Rodrigues unveils strategy for Amerindian betterment
Guyana Chronicle
April 9, 2002

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AMERINDIAN Affairs Minister Carolyn, Ms. Rodrigues has expressed optimism that a revised Amerindian Act can be taken to Parliament in the not too distant future.

Cabinet has decided the issue should be treated with urgency and a consultation process was developed, she told the National Assembly during the recent debate on the 2002 Budget.

Rodrigues said, too, that three major Amerindian organisations are in concurrence with the process and a technical committee is being finalised to conduct consultations while arrangements are being made for copies of the existing Act to be circulated to all Amerindian communities in Guyana.

With regard to land demarcation for the indigenous people, she said there are inaccuracies in the descriptive titles stated in the extant legislation and they can only be corrected after the surveying.

"Of course, we are aware that some communities are not even located within the boundaries as specified in the laws but, again, we can only confirm the extent of this when the lands are demarcated," Rodrigues reiterated.

She pointed out that, initially, the Government's policy required all 76 locations to be demarcated before extensions and new ones were considered.

However, recognising that it is not fair to those regions that have completed their demarcations to be waiting on those who have not yet made a decision, the Government has, just recently, decided to treat the matter in a regional way.

In other words, if a particular region is completed, the next stage will be entertained, Rodrigues announced.

She reported that demarcations in Regions Three (West Demerara/Essequibo Islands), Four (Demerara/Mahaica), Five (Mahaica/Berbice), Six (East Berbice/Corentyne) and 10 (Upper Demerara/Berbice) have been completed and only one more is left to complete Region Two (Pomeroon/Supenaam).

The other regions are at different stages of completion, she said.

Rodrigues said there are seven more communities to be demarcated in Region Nine (Upper Takutu/Upper Essequibo) and, once they are done, extensions and new areas would be addressed.

The minister expressed the hope that the Indigenous People's Commission will play an important role in moving the process forward.

She said, even though indigenous communities are located in the interior, occurrences on the coastland have some impact on them.

"I am saying this because I feel that unity at all levels is essential for any country improving its status (and) as part of the PPP/Civic Government, I know we are trying our best to move our country forward," Rodrigues asserted.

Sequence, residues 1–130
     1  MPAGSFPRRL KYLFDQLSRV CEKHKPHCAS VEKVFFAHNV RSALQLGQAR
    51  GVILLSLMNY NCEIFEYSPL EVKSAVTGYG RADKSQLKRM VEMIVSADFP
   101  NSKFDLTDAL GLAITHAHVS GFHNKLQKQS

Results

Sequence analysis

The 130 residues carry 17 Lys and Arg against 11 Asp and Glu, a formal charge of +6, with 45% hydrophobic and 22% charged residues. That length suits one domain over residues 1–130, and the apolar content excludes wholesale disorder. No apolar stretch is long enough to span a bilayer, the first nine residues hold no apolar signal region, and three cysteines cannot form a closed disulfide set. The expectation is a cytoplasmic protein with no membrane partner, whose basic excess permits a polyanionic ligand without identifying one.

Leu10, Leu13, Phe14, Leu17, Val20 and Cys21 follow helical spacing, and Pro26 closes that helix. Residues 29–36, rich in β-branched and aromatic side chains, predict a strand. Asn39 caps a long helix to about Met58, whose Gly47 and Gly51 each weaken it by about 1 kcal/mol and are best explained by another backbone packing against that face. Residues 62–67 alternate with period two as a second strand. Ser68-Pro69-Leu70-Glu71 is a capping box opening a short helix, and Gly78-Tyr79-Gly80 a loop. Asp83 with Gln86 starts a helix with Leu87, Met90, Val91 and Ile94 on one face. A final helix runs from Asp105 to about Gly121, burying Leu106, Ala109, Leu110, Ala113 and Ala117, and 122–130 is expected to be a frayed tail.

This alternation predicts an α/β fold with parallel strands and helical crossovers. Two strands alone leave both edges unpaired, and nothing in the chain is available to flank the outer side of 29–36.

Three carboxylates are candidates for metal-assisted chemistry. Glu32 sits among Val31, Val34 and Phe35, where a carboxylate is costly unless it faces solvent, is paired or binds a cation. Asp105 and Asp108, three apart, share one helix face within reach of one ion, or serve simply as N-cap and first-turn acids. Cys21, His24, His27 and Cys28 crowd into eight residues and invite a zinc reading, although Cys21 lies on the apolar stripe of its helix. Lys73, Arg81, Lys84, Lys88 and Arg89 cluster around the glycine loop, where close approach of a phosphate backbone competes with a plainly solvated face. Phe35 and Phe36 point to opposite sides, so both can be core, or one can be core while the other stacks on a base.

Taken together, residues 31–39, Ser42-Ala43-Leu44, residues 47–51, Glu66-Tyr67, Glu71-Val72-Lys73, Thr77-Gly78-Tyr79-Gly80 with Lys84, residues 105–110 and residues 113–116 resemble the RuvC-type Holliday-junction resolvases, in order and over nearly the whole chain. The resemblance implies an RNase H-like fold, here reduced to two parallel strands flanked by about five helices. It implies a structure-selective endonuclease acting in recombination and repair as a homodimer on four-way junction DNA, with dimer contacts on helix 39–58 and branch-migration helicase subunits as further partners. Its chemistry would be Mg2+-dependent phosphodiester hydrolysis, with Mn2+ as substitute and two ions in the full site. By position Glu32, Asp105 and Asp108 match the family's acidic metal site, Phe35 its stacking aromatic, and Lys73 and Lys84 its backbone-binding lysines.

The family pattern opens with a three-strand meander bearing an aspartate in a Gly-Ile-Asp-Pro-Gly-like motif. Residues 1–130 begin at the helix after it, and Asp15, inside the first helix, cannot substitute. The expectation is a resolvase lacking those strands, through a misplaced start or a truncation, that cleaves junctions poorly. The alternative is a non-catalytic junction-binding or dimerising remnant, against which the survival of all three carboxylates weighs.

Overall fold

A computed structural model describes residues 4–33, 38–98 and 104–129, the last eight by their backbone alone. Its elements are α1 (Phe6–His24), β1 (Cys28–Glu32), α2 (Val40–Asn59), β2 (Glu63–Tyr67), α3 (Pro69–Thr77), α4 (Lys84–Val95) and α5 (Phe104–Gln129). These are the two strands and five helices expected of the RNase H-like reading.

She added: "Let us be thankful for a country free of natural disasters and try to stay away from creating man-made ones. After all, it would only be us and those to come after us who would suffer the consequences."

According to her, over the last few years, food security in Amerindian communities "appeared to be compromised" because of intense Acoushi ants infestation and unpredictable weather conditions.

But, using the collaborative approach, together with the Ministry of Agriculture, Rodrigues said her ministry was able, in December 2001, to commence a $10M programme for controlling the pests in Regions One (Barima/Waini), Seven (Cuyuni/Mazaruni), Eight (Potaro/Siparuni) and Nine.

She said another $7M project was started in Regions Two, Three, Four, Five and Six, in collaboration with SIMAP (Social Impact Amelioration Programme) and Ministry of Agriculture.

Rodrigues said this year's budget includes further resources to conclude the exercise countrywide.

She said the programme is overdue by almost 20 years and, in those areas where treatment is ongoing, the feedback is very positive.

Rodrigues said its importance cannot be underestimated because food security is of paramount import.

She said, with assistance from United Nations Food and Agriculture Organisation (FAO), a study will be carried out in regions that are most often affected to determine what can be done about negating the regular food scarcity.

Rodrigues said, in keeping with the mission statement of the Ministry of Amerindian Affairs, through which economic opportunities should be provided, every possible avenue would be explored to uplift the living standards of indigenous people.

Together with expertise from the Ministry of Fisheries, Crops and Livestock, Ministry of Local Government, Go-Invest and a private investor, discussions were held on replanting manicole in Region One, where it grows, primarily in swampy areas and the heart is used as cabbage.

For the most part, it is exported to Europe and residents of Waini, Baramani, Aruka and Barima rivers rely heavily on the sale of that type of cabbage to a French-based company operating on Barima River.

Rodrigues said, because the crop was being harvested for more than eight years, reapers have gone further and further as the possibility exists of widespread depletion.

As a result, families are disrupted through the male absence for long periods and, in this light, a project was conceptualised for an experiment on the time of maturity and whether the plants can be grown on abandoned farms.

"This experiment was successful (and) I am happy to report that a proposal made received positive attention from United Nations Development Programme UNDP))," the minister said.

She said details are being finalised and, once the scheme gets off the ground, results can be seen in as early as three years.

People will no longer have to travel far distances and the market has already been secured.